How much of the learning is driven by the students vs. the teachers?
Learning facilitators guide students through the material, but students really drive the learning in the classroom. Small class sizes allow teachers to individualize instruction to ensure every student grasps concepts, and many lessons are re-enforced through peer-to-peer learning. Feedback loops are critical to the program; frequent assessments allow the teacher to adjust the pace of the class to meet the learning needs of his or her students.
Do you have much interaction with teachers and students around the world? Do you believe this is beneficial? What can others learn from your model?
One of the key lessons we have learned from the program that we share with other education professionals is that education innovation and education for the masses do not need to be separate conversations. For too long, the discourse of global education has been divided into two, separate conversations. On the one side, the innovation conversation – new models of individualized instruction, adaptive learning. This is the conversation we hear in the Silicon Valleys, Silicon Savannahs, Silicon Wadis, etc. of the world. And on the other side, is the universalization conversation – the need to find a way to reach the 250 million children in the poorest corners of the world who still fail to learn to read and write. We believe some of the most breakthrough innovations in education can occur at the outer reaches for the formal education system; and, indeed, that true breakthroughs are most likely to come from the margins, the periphery of the global system, where there is both the room to try new things and the imperative to do so. It is time for these two conversations to become one.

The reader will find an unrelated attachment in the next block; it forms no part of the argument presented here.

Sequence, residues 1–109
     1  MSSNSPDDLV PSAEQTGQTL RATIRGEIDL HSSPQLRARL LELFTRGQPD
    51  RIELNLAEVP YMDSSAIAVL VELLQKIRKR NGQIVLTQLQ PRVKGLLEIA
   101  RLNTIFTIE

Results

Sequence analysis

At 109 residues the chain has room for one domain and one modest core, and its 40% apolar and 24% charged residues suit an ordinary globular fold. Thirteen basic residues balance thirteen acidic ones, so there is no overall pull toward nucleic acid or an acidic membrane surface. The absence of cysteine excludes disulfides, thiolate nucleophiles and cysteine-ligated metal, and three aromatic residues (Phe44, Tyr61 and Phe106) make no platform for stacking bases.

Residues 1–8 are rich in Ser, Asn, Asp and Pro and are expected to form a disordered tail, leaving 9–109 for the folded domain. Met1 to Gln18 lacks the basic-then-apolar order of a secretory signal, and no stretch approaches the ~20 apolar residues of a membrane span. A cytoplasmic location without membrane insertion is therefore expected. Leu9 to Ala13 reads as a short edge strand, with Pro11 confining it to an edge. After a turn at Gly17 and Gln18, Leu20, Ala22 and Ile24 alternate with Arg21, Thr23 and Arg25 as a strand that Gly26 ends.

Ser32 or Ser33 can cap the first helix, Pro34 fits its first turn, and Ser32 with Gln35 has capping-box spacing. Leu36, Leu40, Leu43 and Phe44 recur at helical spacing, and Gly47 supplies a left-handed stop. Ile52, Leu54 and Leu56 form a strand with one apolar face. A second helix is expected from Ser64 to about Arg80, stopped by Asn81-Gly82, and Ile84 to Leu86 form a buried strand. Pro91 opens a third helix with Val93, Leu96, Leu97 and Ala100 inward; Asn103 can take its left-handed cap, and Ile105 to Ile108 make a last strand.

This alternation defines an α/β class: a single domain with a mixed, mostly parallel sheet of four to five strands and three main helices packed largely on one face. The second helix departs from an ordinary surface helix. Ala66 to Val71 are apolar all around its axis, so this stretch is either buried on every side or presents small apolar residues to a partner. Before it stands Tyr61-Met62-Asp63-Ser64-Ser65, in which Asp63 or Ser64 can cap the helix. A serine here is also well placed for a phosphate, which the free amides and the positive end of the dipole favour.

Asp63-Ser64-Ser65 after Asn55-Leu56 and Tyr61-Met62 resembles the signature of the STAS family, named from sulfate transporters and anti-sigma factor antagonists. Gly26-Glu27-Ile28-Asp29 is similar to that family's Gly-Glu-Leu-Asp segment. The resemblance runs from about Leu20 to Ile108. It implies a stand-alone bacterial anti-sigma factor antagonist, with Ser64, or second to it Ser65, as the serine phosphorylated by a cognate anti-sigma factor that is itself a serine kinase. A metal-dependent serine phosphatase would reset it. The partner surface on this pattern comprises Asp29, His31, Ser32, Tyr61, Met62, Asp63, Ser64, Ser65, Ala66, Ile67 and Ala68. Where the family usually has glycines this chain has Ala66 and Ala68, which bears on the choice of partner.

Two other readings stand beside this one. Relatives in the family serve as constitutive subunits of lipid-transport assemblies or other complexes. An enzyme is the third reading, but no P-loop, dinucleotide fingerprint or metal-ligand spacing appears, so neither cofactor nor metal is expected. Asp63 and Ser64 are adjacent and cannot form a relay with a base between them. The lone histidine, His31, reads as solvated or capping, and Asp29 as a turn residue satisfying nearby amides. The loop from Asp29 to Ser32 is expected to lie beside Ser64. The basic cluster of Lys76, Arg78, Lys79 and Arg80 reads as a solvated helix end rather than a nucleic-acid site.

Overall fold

What do you see as your greatest challenges moving forward?
From the start, we have had to make the right early hires, put sound management systems in place, and diversify our funding base. In our first two years, we have made good progress across the range of organizational development priorities before us. Most of the unique challenges we face are at the individual program level. In Liberia, for example, because of the exceptionally weak school system, we must work much harder to ensure our children transition back to school and persist after completing our program.
Thank you Caitlin.
All photos are credited to Lloyd Massah and Rosie Hallam.